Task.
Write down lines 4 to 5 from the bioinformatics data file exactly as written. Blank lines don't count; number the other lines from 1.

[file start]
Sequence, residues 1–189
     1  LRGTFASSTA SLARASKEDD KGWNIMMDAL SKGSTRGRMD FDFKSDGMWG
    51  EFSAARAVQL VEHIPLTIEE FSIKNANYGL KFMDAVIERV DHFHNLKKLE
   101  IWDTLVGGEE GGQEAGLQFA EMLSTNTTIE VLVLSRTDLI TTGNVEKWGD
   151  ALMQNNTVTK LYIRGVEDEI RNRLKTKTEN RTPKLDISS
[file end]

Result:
   101  IWDTLVGGEE GGQEAGLQFA EMLSTNTTIE VLVLSRTDLI TTGNVEKWGD
   151  ALMQNNTVTK LYIRGVEDEI RNRLKTKTEN RTPKLDISS